Tenerife Tales
An Ex Pat´s Life On A Rock In The Atlantic by Sue Havenhand

Tearing Your Hair Out on the Spanish Paper Trail

I lost my driving license last week – not lost it as in having it confiscated for road naughtiness, no, lost it physically by being careless. Let me tell you, solving problems like this is a nightmare here in Tenerife, nothing to do with paperwork and documentation is simple – ever.


The actual process of getting a duplicate license in Trafico (our DVLA) is not so bad if you speak a bit of the lingo, but get this. You cannot simply say, “I´ve lost my license”. No. No way José. You have to go to a police station first and say, “I´ve lost my license”. They then give you a piece of paper called a denuncia which says on it “This person has lost her license”. Why, you may well ask? I have no idea.

Likewise, you cannot say “Please send my new license to this address, the address where I live”. No, that wont do. You have to go to your local council office, take a copy of your house deeds and ask them, “Can you give me a piece of paper that says I live at this address please?”  They do so, and off you go to Trafico with said piece of paper. In fact you need one of these “proof of address” papers often, when you buy a car for example, and even when you want to put your children into school. Paperwork breeding paperwork. I have to wonder, is the Canarian obsession with pieces of paper responsible for the destruction of the rain forests? I for one would not be surprised., and have a mental image of primates running to escape the chainsaws, all to provide paper to feed the  Canarian bureaucracy machine. What a sobering thought.
Visits to Council offices, Trafico, and other Government institutions are stressful affairs. Take every document you have, relevant or not, with a couple of photocopies in reserve, and you should be ok. If you’re lucky. When the stamp comes off the desk and is banged onto various papers then you’re more or less home and dry, this signifies the end.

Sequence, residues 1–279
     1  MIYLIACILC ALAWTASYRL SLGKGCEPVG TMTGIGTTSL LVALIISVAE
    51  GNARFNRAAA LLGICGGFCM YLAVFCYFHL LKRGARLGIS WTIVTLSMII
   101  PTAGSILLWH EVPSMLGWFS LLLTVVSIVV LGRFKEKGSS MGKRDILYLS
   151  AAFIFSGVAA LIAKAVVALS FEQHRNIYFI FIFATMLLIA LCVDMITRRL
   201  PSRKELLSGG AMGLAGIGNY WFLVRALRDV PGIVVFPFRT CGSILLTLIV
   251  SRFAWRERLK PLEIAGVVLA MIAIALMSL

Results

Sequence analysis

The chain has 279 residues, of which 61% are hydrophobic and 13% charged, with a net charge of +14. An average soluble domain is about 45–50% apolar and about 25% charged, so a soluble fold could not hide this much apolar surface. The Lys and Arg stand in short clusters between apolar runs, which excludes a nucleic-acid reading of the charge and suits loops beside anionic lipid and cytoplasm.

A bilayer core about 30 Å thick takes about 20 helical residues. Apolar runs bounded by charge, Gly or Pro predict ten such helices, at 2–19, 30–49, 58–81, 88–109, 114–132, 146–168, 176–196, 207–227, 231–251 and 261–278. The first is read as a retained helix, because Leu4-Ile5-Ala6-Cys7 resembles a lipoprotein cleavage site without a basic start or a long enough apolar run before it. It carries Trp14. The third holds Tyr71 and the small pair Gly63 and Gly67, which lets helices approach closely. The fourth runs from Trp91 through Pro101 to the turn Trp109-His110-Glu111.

Carrying identification is the law here. Thats fine by me, I don’t know why the English have a problem with it, other nationalities do it as a matter of course. But get this. Spanish nationals have their own photo ID card. Until a couple of years ago, we foreigners had our own version, called a residencia, a nice, credit card sized photo ID card. Perfect. Now however, that has been replaced by a silly A4 piece of green paper (look out Amazonia, we´re coming to get you) which carries no photo at all. So, as carrying ID is the law, what to do now? You guessed it, carry the green piece of paper around ( to prove resident status) and your passport for photo ID. How rubbish is that? To add to the inconvenience you are not allowed to fold said piece of paper, so you need to pop it in a plastic file for safekeeping. Arrrgh!! It’s like someone thought right, how can we maximise inconvenience for our lovely immigrant community? Yes, thats it, take away a handy little ID card and make them carry their passports and papers around at all times. Then, when they lose their passports and papers (and carrying photocopies of such is not allowed) the whole paper trail starts again, providing employment for the masses. Simples.

Right, thats me done for this week, I have a drawer full of paperwork to sift through, could be a while………….

Photos courtesy of Diana McGlone of  The One Stop Problem Shop, for all your paperwork needs made easy. http://www.diana-mcglone.com/

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7 Responses to “Tearing Your Hair Out on the Spanish Paper Trail”

  1. Another great article Suzy just one slight problem, think you will find that it was the Brits (in the UK not here) who said we were not allowed the residencia cards, it was against our human rights!!! The Italians, Germans, etc still have them. So don´t I have human rights to choose what I want and what I don´t

  2. I hope you are armed with a copy of Tenerife Lifeline, Sue. We’ve tried realy hard to help expats through the paperwork jungle.

  3. *blushes*. thanks Sue!

  4. As always a great read Sue. And spot on as well.

  5. Oh so very true, & amusing to read…. God help us on the paper trail in Tenerife….

    Trish

  6. Very funny article, well written, facts may have been mildly distorted for the sake of artistic licence, but really funny nonetheless!


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